The Dillinger Escape Plan
New Jersey’s The Dillinger Escape Plan made their full length debut in 1999 with Calculating Infinity, an utterly bonkers showcase of technical prowess and sheer aggression, matched by the suitably harsh bark of vocalist Dimitri Minakakis.
After he left the band, however, they didn’t rush to find a new vocalist, instead taking the opportunity to do a onetime collaboration with Faith No More/Mr. Bungle vocal acrobat Mike Patton on the Irony Is a Dead Scene EP.
Once the group found a worthy successor in Greg Puciato, however, his versatility as a vocalist—able to transition seamlessly from a menacing growl to a heroic croon—helped the group expand their sound, ushering in more melodic and progressive elements as they continued their reign as mathcore kings.
Faith No More
It took a while for things to settle for Faith No More in the beginning. They went through two name changes (Sharp Young Men, then Faith No Man), and went through a revolving-door cast of singers (including, briefly, Courtney Love) before releasing their debut album, Introduce Yourself, with Chuck Moseley. That lineup yielded their first hit, “We Care A Lot,” but Moseley’s erratic behavior eventually led to his firing from the band in 1988.
Faith No More then enlisted Mr. Bungle’s Mike Patton that same year, and within two weeks of joining he had written all of his lyrics for the songs on The Real Thing, which earned the band a Grammy nomination and an MTV staple with “Epic”.
And though the band went on hiatus for a decade, and Patton’s been active with seemingly countless other projects, his vocal acrobatics have been a perfect match for their idiosyncratic metal sound ever since.
The introduction of Bruce Dickinson to the Iron Maiden lineup was a game changer. While their first two albums, featuring the raspy wail of Paul Di’Anno, are unquestionably great early ‘80s heavy metal records, bringing Dickinson into the fold on 1982’s The Number of the Beast gave the band the operatic presence needed to become the heavy metal legends they are now. Though, technically speaking, Dickinson was actually the fourth Iron Maiden vocalist.
Paul Day and Dennis Wilcock each served as the group’s lead singer for a short time in the band’s early days, and in the mid-’90s, Blaze Bayley stepped in as the band’s fifth(!) vocalist, taking over after Dickinson left the group to focus on his solo career.
But in 2000, with the release of the outstanding comeback Brave New World, Iron Maiden reunited with their iconic singer, proving once and for all who the strongest set of pipes in heavy metal belong to.
Norwegian black ‘n’ roll outfit Kvelertak won over fans like Metallica’s James Hetfield and Foo Fighters’ Dave Grohl on the strength of their unique hybrid of rowdy, party hardcore with black metal aesthetics—chiefly the throaty growl of Erlend Hjelvik.
But after ten years and three albums, Hjelvik announced he was ready to leave the group, launching his own viking metal project, Hjelvik, two years later. But the remaining members of Kvelertak soldiered on with Ivar Nikolaisen, who previously lent his backing vocals to the band’s debut album and whose aggressive snarl made for a seamless fit for the group.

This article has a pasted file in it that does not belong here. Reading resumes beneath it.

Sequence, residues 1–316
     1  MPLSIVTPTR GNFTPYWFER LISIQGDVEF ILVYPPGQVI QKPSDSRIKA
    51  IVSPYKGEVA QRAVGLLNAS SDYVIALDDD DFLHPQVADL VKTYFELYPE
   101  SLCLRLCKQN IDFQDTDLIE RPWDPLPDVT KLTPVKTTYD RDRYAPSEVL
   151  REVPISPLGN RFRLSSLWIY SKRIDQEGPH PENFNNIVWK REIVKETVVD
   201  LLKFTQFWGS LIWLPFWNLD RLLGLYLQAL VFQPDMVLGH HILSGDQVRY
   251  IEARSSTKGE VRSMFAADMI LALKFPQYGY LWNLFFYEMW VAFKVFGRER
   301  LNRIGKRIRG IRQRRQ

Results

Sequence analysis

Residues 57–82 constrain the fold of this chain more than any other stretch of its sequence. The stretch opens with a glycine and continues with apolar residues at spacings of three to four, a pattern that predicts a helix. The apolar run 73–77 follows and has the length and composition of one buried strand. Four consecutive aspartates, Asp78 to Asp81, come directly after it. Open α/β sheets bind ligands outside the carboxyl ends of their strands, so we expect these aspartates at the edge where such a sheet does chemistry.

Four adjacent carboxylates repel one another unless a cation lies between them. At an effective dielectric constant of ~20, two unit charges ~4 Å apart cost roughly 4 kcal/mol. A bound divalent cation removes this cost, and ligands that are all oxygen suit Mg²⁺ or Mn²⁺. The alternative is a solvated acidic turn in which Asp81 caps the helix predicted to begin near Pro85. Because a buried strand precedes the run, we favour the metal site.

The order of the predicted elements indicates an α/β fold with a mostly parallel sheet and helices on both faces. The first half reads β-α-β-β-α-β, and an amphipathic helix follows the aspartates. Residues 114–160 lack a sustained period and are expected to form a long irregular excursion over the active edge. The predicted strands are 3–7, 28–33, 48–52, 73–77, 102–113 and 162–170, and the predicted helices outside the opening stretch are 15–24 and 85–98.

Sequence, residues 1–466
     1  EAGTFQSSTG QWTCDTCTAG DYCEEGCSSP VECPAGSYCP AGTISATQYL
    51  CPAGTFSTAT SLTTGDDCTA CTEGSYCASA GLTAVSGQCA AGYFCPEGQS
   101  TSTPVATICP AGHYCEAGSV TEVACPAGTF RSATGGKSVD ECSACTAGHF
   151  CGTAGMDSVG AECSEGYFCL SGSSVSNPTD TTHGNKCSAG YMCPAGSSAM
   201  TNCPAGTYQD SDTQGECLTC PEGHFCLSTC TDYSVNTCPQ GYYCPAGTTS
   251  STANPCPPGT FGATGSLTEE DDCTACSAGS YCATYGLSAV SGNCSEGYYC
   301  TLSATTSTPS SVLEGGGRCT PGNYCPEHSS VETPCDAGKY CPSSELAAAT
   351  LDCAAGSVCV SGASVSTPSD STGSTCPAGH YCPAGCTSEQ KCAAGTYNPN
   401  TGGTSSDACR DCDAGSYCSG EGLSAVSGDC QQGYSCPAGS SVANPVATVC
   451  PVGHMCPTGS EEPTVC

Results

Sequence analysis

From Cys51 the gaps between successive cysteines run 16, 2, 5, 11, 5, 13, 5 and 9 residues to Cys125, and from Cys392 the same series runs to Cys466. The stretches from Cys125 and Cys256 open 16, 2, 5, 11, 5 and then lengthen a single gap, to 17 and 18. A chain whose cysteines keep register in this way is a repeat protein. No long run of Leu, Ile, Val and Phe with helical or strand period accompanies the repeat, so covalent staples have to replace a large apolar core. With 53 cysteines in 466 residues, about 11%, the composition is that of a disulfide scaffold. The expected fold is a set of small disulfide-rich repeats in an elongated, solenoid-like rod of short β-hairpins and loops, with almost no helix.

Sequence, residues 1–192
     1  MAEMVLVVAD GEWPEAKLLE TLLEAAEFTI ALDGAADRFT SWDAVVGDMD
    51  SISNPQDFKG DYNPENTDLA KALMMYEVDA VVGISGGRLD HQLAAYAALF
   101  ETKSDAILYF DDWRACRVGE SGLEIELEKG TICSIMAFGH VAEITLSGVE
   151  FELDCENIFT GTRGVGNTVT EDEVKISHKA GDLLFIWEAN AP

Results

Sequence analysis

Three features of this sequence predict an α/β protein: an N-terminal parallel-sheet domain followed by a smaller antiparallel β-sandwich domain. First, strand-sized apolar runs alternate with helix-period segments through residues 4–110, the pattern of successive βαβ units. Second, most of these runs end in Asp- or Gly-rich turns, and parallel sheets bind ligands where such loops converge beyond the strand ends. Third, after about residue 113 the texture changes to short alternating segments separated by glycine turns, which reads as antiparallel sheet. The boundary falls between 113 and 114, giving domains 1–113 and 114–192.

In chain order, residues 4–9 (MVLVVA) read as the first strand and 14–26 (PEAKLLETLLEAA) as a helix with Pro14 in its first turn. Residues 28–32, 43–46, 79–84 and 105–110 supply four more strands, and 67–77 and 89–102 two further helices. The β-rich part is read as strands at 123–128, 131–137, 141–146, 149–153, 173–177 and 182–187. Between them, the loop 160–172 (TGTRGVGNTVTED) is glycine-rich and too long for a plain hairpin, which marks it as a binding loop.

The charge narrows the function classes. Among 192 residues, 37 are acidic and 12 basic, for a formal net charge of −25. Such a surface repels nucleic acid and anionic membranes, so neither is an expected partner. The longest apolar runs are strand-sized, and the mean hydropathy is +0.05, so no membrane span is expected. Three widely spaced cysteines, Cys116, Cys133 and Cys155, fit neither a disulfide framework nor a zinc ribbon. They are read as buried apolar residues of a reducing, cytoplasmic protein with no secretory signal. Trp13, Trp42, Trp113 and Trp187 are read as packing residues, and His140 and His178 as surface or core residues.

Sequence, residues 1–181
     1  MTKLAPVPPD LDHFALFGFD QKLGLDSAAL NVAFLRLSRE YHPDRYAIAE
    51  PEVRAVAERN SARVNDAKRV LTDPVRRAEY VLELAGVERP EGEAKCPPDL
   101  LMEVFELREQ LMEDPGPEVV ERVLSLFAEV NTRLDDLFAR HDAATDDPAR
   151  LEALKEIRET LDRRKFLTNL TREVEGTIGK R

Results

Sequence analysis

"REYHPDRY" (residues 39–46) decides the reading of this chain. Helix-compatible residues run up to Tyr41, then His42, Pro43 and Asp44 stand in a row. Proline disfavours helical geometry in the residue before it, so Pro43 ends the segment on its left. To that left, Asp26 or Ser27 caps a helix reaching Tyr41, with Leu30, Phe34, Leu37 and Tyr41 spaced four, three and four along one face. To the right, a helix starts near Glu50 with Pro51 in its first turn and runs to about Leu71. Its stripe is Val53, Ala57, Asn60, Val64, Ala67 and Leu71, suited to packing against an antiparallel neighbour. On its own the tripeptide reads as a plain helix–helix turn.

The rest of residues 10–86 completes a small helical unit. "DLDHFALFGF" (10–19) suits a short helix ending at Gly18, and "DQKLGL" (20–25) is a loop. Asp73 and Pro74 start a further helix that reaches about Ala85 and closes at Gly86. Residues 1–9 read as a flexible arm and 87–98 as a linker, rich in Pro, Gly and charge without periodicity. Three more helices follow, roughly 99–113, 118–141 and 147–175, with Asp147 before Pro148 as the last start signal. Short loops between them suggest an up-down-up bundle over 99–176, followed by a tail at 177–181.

Grindcore pioneers Napalm Death first began making music more than 40 years ago, which is a marathon span of time for any band to be expected to keep their lineup intact. But for this group in particular, their personnel is something of a heavy metal equivalent of the Ship of Theseus conundrum, replacing a new member every couple of years until it raises the question of who the real Napalm Death is. (Past members include, among others, Carcass’ Bill Steer and Godflesh’s Justin Broadrick.)
Since 1989, Barney Greenway has been the band’s full-time vocalist, the fire from his throat scorching the politically charged rippers on 15 of their albums. Napalm Death first released two albums with Lee Dorrian behind the mic, as well as one side of their debut album Scum with Nick Bullen.
Despite being on one of the most important extreme metal albums of all time, none of the members who perform on Scum stayed in the band. Yet, Greenway has kept going for over 30 years, pushing the band forward while bringing an even greater ferocity to the Birmingham legends’ sound.
The Pantera of Metal Magic scarcely resembles the one that became metal legends in the 1990s. And not just because the cartoon axe-wielding cat on the cover is hardly at all menacing. Granted, the Abbott Brothers were still just teenagers and heavy metal was still a pretty young genre itself.
But the group’s first vocalist Terry Glaze, though decent enough, did little to set the group apart. It wasn’t until Glaze left the group over disagreements about the band’s musical direction, and Phil Anselmo subsequently joining the group in 1986 and debuting with the release of 1988’s Power Metal, that Pantera began to come into their own.
But 1990’s Cowboys From Hell found them obviously fully arriving at the groove-metal sound that made them legends, helmed by Anselmo’s deep growl on songs like “Cemetery Gates” and the title track.